Although she was exposed to a good deal of contemporary work at Milwaukee Ballet, Fote has had to prove herself in story-less works at Houston Ballet as well. This past September she found herself completely out of her comfort zone in William Forsythe’s In the Middle Somewhat Elevated. “I can find my funk when I need to,” says Fote. “I’m not one of those dancers who can’t dance at a party.” But she admits it took her a while to own the in-your-face vibe of the piece.


Fote approaches each role like a slow fire. She takes her time gathering information, shaping her own body into the choreography, and finding her fit with the emotional landscape. “When I first learn something, it’s not pretty,” she admits. “I need to find the transitions in my own body.” A stickler for detail, Fote continually mines a role for deeper connections. Principal Ian Casady partnered Fote in the Forsythe, Butterfly, and The Four Seasons. “She’s so totally unafraid and daring onstage that it makes it easy for me to dive into my character,” says Casady. “I end up feeling freer to push farther as well.”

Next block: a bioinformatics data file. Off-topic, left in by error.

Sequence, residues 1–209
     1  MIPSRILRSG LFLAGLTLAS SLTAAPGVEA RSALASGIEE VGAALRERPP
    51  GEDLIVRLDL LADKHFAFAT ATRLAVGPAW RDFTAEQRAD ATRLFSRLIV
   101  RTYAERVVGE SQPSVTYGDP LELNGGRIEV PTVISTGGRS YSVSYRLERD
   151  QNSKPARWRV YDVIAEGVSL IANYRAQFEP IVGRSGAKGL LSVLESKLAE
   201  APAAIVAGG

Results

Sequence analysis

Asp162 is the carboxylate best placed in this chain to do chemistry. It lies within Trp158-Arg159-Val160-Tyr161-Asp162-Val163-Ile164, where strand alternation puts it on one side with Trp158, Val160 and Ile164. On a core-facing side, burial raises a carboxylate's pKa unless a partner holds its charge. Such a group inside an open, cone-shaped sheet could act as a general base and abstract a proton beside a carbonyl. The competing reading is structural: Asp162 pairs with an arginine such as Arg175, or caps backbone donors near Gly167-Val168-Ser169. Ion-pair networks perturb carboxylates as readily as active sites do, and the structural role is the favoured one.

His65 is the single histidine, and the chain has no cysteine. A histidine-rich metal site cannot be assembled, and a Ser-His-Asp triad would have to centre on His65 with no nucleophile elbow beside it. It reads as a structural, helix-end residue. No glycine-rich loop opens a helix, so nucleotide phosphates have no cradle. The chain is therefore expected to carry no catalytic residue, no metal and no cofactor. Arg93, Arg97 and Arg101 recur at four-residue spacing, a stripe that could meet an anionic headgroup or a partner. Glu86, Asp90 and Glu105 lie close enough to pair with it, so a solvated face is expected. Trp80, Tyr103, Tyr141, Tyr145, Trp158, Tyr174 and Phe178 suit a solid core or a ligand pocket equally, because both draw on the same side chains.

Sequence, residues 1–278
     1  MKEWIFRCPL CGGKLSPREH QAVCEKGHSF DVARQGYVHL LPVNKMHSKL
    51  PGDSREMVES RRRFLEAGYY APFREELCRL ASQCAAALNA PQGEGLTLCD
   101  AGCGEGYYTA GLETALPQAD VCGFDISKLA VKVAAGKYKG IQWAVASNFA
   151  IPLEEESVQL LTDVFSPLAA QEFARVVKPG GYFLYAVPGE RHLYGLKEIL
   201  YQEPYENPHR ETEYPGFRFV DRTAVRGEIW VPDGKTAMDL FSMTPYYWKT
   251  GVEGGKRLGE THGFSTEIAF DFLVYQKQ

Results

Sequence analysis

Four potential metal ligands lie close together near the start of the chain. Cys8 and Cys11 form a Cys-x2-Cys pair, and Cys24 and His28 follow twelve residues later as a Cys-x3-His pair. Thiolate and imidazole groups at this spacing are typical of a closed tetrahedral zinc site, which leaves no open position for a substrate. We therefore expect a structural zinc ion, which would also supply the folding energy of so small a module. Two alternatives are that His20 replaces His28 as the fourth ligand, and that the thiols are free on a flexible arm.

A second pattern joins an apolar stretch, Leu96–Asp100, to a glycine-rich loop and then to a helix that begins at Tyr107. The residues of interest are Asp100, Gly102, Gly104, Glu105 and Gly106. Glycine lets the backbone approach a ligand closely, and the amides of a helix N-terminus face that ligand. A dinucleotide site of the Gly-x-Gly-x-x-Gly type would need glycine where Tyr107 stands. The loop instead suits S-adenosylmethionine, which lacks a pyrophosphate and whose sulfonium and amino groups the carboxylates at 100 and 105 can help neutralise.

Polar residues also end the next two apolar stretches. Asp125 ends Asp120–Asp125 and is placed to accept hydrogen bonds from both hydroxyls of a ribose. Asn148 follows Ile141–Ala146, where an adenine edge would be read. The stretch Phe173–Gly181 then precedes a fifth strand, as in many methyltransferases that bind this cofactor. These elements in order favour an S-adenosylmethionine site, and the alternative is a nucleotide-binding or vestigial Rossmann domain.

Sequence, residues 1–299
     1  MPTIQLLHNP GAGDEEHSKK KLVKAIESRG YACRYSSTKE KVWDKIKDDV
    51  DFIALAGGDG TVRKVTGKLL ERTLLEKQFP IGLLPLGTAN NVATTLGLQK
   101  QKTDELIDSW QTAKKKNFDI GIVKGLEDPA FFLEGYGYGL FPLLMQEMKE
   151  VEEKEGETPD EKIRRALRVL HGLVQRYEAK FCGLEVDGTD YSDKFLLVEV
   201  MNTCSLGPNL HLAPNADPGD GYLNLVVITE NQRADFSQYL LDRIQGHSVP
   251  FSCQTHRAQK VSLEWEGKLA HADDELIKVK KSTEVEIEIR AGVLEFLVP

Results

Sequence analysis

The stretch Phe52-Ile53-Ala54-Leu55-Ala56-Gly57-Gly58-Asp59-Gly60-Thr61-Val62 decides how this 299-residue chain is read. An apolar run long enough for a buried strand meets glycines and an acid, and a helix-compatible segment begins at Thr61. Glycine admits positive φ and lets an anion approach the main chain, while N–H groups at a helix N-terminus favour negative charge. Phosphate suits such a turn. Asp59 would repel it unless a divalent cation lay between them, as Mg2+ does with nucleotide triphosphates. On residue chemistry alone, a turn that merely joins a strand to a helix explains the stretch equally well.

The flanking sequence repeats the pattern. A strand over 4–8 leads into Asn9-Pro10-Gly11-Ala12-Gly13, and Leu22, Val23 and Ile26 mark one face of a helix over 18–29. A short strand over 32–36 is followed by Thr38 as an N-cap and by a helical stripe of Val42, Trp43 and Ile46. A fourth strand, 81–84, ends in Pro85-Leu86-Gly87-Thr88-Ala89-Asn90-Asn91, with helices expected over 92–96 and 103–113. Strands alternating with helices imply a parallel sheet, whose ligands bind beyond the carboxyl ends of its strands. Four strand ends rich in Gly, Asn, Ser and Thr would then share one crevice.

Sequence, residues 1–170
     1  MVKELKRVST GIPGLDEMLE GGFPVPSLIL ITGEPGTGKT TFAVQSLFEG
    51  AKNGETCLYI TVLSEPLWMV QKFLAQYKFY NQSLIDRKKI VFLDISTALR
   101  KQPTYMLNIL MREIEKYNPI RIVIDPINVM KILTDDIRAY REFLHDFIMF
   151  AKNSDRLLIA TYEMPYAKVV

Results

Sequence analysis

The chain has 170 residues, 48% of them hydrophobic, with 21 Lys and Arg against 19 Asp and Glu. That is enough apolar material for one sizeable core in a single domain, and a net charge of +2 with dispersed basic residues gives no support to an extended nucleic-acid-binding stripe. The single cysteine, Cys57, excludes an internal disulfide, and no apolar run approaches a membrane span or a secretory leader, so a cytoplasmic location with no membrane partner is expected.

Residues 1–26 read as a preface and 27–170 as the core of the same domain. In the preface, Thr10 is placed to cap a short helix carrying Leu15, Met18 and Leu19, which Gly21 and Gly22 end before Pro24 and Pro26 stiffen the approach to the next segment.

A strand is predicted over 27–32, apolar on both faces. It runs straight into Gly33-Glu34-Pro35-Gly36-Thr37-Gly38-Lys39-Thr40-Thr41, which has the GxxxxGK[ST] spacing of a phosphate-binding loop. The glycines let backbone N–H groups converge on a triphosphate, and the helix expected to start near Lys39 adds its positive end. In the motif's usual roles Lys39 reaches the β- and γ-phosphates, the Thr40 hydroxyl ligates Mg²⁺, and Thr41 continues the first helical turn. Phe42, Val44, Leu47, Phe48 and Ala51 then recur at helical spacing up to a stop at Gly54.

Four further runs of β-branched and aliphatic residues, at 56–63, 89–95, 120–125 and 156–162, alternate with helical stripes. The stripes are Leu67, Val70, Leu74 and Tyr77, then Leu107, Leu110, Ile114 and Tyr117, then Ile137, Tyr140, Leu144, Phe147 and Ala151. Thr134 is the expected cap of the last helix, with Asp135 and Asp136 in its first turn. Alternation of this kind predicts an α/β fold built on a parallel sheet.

Sometimes a role requires a different kind of listening that’s more about backing off than pushing further. “I am working on being more quiet in my dancing,” Fote says. Performing the role of the lone woman amidst seven men in Welch’s Clear (originally created for American Ballet Theatre in 2001) gave her ample opportunity to practice turning down the volume. The dance ends in a slow unwinding pas de deux that straddles the edge of sadness towards a healing note. In the ballet’s final lift Fote reaches skyward, making herself a beacon of hope or a tower of sorrow. She’s not afraid of leaving the audience in a state of wonder and leaving some of the story left untold. “I want to say more with less,” she says. “I want the audience to lean in a little.”

Nancy Wozny writes about the arts and somatics in Houston, and is a facilitator for the Houston Ballet Dance Talks.